When looking for job opportunities, when should one pop the question about approximate salary?

I don't want to waste their time and mine by going through a whole process and finding out we don't agree on salary, but I've noticed a great deal of companies don't offer up salary figures.

When should I ask what the approximate salary is for a position I'm interested in? In the screening call? Do I have to wait for an interview?

  • 2
    I've seen a manager give me a "ballpark" figure when confronted with the question after an interview. The "ballpark" figure was between a McDonalds' burger flipper and the CEO. Sometimes even a direct question will not yield a result!
    – Resorath
    Apr 10, 2012 at 19:36

7 Answers 7


I pick it depending on who I'm speaking to as follows:

  • external recruiter - I ask immediately. I hear the title, the location and if I don't hear a ball park range, I ask. If the recruiter is no where near close to my current salary, I tell them so. When headhunters are trying to make a match, I have found that (at least this year, in Boston) they will hit up virtually anyone with a resume that looks remotely close, so I've had several that want me to take an 8 year step backward in my career for a $50K pay cut. That's not OK, and not worth my time, and while I'd think my resume would make that clear, experience has proven otherwise.

  • internal recruiter - ie, someone in the company's HR department - can usually speak in depth about the position. Largely depends on my read of the person. It's not usual for me to say - "where in your process would you be open to discussing salary? Just so you know, I'm happy enough at my current position to be unwilling to take a pay cut." Which has always been true.

  • technical interview - almost never, unless the technical interview is with the hiring manager. Usually it is not, it is with a fellow geek.

  • interview with hiring manager - on the phone - probably not. But I expect that my first phone chat with a hiring manager will be shortly followed with either a "no thanks" or an invite into the office.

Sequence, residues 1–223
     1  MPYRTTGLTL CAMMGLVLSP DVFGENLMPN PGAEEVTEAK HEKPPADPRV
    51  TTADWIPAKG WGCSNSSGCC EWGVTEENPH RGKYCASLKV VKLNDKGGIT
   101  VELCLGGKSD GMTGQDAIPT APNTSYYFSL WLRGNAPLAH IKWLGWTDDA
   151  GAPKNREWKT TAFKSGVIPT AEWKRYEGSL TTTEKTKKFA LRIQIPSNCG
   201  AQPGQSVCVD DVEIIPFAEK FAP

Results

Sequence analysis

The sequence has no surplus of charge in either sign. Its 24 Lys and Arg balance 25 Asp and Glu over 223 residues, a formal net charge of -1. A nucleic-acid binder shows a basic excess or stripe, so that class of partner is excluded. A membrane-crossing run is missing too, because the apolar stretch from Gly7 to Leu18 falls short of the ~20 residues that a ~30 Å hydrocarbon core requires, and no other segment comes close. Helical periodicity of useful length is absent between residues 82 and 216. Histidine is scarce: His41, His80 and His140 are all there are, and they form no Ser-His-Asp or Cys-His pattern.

• in the company's location - Frankly, if I have shlepped out to the company's location, I darn well expect to know the potential salary. Usually at this point, I'm 85% confident they can meet my ballpark. I expect that towards the end of my visit, either the hiring manger or the HR rep will bring it up and ask me what I make. There's all sorts of philosophies on this (many of them on programmers.stackexchange) - pick your favorite. If I don't have this conversation at the location, then any positive follow up call will be asked quite bluntly.

In the last job hunt, I figured out quickly that my strategy had to be minimum time-wasting. At least in the tech industry, there is more demand than there are jobs, so any resume seems to get a flood of calls - many of which may be hardly better than spam.

I couldn't allow the non-productive conversations to screen the productive opportunities... so I had to be blunt when I had reason to believe that the particular communication channel was unlikely to result in useful opportunities.

  • +1 for the list of when and if/how you'd bring it up. Your list pretty much matches mine - especially with headhunters.
    – voretaq7
    Apr 13, 2012 at 4:48
  • I've seemed to have hit a gap in your process. How do you get to "in the company's location, I already know the salary" when you have not talked to an external recruiter before?
    – Konerak
    Jul 4, 2012 at 8:42
  • These are not mutually exclusive cases. I generally don't work with external recruiters (not worth my time), but I don't go to an interview without talking to some form of recuiter (usually internal) and probably a hiring manager as well. If one of the two hasn't talked salary, I WILL probably call the internal recruiter and verify that we are in the right ballpark before clearing my schedule. Jul 5, 2012 at 17:23
  • Great answer, missing two points. - Who holds the cards?, if the place is going to make your resume shiny and get you better pay in the future (assuming you're not maxed out) OR if you're inexperienced then tread a tiny bit more carefully (ask later). -- If it is you whom graces them with your presence then they had better say: "We'd like you to come in and see the place", rather than "What do you know?, come when you're called!" (they had better offer high as a minimum, upfront; don't discount bonus, assistants, etc., reduce the workload vs. pay). --- #2, Speak with the owner or #2.
    – Rob
    Jan 4, 2018 at 19:18